Electron set for first launch of 2022. After launching six rockets last year, Rocket Lab said the window for its first launch of 2022 will open on February 28. “The Owl’s Night Continues” is the first of three dedicated Electron missions for Synspective, with two scheduled to launch in 2022 and a third in 2023, Rocket Lab said. Each mission will deploy a single StriX satellite, thereby growing Synspective’s synthetic-aperture-radar constellation.
Upping the cadence… This is an important year for Rocket Lab. The company launched six rockets in 2019, seven in 2020, and six in 2021. Rocket Lab needs to demonstrate that it can support an increased cadence and avoid a failure with Electron like the company experienced in each of the last two years. (submitted by Ken the Bin)
Launcher acquires additional ride-share missions. Even as the California-based small launch company is developing a small rocket named Launcher Light, it is also working on an orbital transfer vehicle. This week, Launcher announced that it has purchased slots on three more SpaceX ride-share missions for its Orbiter tug. Those tugs will fly on Falcon 9 rideshare missions in January, April, and October of 2023, SpaceNews reports.
The last mile… Launcher’s first Orbiter tug is planned to launch on SpaceX’s Transporter-6 ride-share mission in October 2022, under a contract announced last summer. The tug will deploy CubeSats and other smallsats in their desired orbits, as well as host payloads for missions lasting up to two years. Launcher offers launch and orbit-transfer services for smallsats for between $8,000 and $25,000 per kilogram, depending on mission requirements. The company will also sell a dedicated Orbiter mission for $400,000 plus SpaceX flight costs. (submitted by Ken the Bin)
China plans more than 50 launches in 2022. China’s main space contractor aims to launch at least 140 spacecraft across more than 50 launches in 2022, SpaceNews reports. These institutional launches, coupled with the launch plans of other Chinese state-owned enterprises and new private firms, mean China could potentially exceed 60 launches in 2022. This tally would be higher than the country’s previous orbital launch record, 55, set just last year.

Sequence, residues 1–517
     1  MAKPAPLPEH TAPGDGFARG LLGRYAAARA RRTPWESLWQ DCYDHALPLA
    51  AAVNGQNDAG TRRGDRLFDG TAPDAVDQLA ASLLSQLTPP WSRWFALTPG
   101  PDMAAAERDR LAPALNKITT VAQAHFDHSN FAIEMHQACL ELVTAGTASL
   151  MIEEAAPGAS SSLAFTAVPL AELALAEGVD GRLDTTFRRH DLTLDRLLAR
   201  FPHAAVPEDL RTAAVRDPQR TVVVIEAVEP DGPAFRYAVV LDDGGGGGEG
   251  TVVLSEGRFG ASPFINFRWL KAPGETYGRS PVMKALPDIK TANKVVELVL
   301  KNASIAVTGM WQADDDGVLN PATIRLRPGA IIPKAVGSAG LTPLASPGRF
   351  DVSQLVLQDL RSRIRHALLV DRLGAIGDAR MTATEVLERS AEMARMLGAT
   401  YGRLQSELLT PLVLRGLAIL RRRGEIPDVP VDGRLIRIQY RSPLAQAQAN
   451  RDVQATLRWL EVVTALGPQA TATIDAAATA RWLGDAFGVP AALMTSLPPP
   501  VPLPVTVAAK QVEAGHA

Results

Lots of space station work… The China Aerospace Science and Technology Corporation’s major missions will include six launches to complete the construction phase of the Tiangong space station. The Tianzhou-4 cargo spacecraft will launch following the end of the Shenzhou-13 mission in March in order to support the next three-person crew launching on Shenzhou-14. The Shenzhou-14 astronauts will be aboard Tianhe core module for the arrival of the 20-metric-ton-plus Wentian and Mengtian modules, both now expected to launch in the second half of the year. (submitted by Ken the Bin)
Korea invests in powerful liquid engine. South Korea will spend about $10 million over the next two years to develop a new, liquid-fueled rocket engine, Yonhap News Agency reports. The money will fund the development of the manufacturing technology and core components required for a “high performance” rocket engine with a thrust of about 200,000 pounds.
Bigger engine, bigger rocket… Whether or not the engine is designed to be reusable is unclear, but it likely would be employed in a medium-lift rocket that will serve as a successor to the small-lift Nuri rocket, or Korean Space Launch Vehicle-II, which made its debut flight last year. The rocket’s third stage failed during that test flight. The new engine is part of South Korea’s efforts to invigorate its young space program.
Russia launches first rocket of the year. A Soyuz rocket lifted off from the Plesetsk Cosmodrome in Russia on Saturday, carrying an unidentified Russian military satellite to orbit. Due to its high latitude, the Plesetsk launch site is well suited for launches to high-inclination orbits often associated with reconnaissance satellites, NASASpaceflight.com reports.
Dozens more to come?… The mission represented the first Soyuz launch of 2022 and the first overall Russian rocket launch of the year. Another Soyuz rocket, this time operated by Arianespace, is expected to lift off this week with the 13th set of OneWeb satellites. (submitted by Ken the Bin)
India targets August launch of lunar probe. The country will make its second attempt to land on the Moon later this year, the country’s science and technology minister has confirmed. The Chandrayaan-3 spacecraft is planned for an August launch from India’s Satish Dhawan Space Center aboard the Geosynchronous Satellite Launch Vehicle Mark III rocket, SpaceNews reports. India is seeking to become the fourth country, after the United States, Russia, and China, to make a soft landing on the Moon.
Back for another go… India first attempted to land on the Moon in 2019, when the Chandrayaan-2 mission’s Vikram lander and its onboard rover crashed into the lunar surface. That mission’s orbiter is still flying around the Moon in good working condition, so Chandrayaan-3 will be focused on the lander. The spacecraft will seek to land about 70.9 degrees south of the lunar equator, the same landing site chosen for Chandraayan-2’s attempt. (submitted by Ken the Bin)